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Early New World Settlers Rise in East

Virginia, a state perhaps best known for its links to colonial America, contains some of the earliest known remains of prehistoric Americans, according to data presented in Philadelphia last week at the annual meeting of the Society for American Archaeology.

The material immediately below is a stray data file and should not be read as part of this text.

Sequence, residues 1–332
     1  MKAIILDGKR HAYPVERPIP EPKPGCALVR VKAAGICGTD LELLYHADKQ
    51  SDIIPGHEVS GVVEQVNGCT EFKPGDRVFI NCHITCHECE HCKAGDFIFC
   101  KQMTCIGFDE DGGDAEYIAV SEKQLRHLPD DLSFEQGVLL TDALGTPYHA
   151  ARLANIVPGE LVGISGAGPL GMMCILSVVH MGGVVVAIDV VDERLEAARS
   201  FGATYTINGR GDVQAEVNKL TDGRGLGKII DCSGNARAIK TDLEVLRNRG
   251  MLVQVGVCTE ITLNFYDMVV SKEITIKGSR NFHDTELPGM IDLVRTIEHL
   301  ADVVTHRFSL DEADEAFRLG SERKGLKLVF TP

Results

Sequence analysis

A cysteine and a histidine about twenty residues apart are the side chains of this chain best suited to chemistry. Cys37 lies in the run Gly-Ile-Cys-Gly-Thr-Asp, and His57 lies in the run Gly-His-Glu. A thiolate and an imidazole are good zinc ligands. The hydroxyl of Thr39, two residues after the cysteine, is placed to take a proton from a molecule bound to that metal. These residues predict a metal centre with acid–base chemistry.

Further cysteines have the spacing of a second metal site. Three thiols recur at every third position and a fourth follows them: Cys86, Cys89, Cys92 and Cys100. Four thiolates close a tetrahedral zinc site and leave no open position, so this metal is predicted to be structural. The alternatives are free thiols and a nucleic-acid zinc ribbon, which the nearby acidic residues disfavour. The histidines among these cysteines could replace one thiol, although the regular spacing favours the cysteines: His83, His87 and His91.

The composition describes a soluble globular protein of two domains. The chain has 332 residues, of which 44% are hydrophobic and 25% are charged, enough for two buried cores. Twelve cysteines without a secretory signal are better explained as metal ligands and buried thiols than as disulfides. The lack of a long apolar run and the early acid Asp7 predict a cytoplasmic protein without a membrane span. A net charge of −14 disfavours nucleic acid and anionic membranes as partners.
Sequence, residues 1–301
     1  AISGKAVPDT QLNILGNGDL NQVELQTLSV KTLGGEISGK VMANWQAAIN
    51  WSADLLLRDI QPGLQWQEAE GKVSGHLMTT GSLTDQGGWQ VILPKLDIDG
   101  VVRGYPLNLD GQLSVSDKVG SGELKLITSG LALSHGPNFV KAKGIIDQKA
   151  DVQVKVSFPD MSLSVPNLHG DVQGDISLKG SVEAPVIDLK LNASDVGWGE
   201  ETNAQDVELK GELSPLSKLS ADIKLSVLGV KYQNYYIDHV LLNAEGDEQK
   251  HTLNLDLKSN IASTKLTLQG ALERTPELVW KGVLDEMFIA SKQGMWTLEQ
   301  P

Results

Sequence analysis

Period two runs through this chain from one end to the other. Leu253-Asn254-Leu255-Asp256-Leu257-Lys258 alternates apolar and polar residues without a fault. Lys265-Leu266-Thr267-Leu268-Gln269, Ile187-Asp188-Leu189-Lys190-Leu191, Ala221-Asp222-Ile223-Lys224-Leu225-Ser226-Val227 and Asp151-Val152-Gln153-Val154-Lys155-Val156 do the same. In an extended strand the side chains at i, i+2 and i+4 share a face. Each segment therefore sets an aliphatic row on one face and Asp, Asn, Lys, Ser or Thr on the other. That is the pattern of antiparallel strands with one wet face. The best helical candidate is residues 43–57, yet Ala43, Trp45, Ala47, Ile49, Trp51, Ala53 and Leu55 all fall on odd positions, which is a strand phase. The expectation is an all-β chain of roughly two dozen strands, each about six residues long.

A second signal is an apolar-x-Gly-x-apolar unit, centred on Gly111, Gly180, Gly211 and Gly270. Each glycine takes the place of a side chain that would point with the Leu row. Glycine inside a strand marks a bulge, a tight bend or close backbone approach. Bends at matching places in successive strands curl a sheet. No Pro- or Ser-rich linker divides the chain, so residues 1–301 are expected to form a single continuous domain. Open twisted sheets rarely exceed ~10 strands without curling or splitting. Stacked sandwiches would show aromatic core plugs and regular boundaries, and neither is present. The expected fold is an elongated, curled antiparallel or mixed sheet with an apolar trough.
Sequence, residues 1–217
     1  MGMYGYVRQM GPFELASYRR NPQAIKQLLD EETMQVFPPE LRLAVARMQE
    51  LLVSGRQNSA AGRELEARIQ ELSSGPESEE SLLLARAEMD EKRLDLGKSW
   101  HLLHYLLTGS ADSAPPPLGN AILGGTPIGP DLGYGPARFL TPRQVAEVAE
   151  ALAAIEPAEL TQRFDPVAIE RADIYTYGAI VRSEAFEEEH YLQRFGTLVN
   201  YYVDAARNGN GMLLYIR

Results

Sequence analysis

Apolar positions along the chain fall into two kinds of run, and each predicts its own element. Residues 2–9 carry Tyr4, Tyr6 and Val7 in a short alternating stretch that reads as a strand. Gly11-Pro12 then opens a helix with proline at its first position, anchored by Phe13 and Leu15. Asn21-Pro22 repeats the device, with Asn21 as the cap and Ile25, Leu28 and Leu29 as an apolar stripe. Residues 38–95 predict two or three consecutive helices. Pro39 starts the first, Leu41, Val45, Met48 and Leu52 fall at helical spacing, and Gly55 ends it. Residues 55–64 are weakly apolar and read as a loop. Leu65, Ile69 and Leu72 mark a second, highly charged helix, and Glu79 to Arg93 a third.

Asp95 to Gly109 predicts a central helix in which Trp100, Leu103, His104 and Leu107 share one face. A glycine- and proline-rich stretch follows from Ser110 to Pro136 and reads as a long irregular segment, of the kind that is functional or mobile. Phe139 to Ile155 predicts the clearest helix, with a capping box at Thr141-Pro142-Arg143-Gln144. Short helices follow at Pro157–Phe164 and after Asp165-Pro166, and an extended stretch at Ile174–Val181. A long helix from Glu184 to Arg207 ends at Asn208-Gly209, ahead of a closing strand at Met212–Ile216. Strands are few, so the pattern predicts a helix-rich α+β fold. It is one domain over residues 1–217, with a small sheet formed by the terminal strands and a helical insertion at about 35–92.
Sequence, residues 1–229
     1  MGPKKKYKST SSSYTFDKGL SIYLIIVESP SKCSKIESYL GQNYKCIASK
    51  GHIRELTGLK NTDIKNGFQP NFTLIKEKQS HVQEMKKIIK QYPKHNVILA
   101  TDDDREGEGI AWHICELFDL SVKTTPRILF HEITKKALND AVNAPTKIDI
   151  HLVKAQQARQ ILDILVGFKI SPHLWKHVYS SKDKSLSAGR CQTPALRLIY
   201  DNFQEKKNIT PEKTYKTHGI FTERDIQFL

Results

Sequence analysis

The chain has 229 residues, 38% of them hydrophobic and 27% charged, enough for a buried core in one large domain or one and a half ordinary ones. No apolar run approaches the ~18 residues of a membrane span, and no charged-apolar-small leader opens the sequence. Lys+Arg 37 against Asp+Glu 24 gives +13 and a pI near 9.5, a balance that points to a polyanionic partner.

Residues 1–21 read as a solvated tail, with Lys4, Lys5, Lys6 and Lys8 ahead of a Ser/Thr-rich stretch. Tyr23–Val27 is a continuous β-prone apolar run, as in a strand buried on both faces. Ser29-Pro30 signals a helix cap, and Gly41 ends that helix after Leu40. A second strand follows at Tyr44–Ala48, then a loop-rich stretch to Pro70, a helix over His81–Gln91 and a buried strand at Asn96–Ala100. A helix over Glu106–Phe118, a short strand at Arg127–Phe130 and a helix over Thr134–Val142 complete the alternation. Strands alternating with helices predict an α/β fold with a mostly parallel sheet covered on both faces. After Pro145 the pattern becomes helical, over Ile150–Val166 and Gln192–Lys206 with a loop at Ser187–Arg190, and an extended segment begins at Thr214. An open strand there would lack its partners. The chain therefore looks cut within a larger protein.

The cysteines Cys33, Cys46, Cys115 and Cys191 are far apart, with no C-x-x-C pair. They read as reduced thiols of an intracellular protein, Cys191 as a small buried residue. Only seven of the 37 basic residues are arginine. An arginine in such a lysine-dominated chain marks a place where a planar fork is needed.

Analyses of soil, plant, and animal remains and stone artifacts that researchers found in layers of a sand dune known as Cactus Hill suggest that people lived there at least 15,000 years ago. That's well before the appearance of the Clovis culture, long regarded as the first in the New World.

Sites from Florida to Alaska have yielded distinctive Clovis stone points. Such finds date at earliest to 11,500 years ago.

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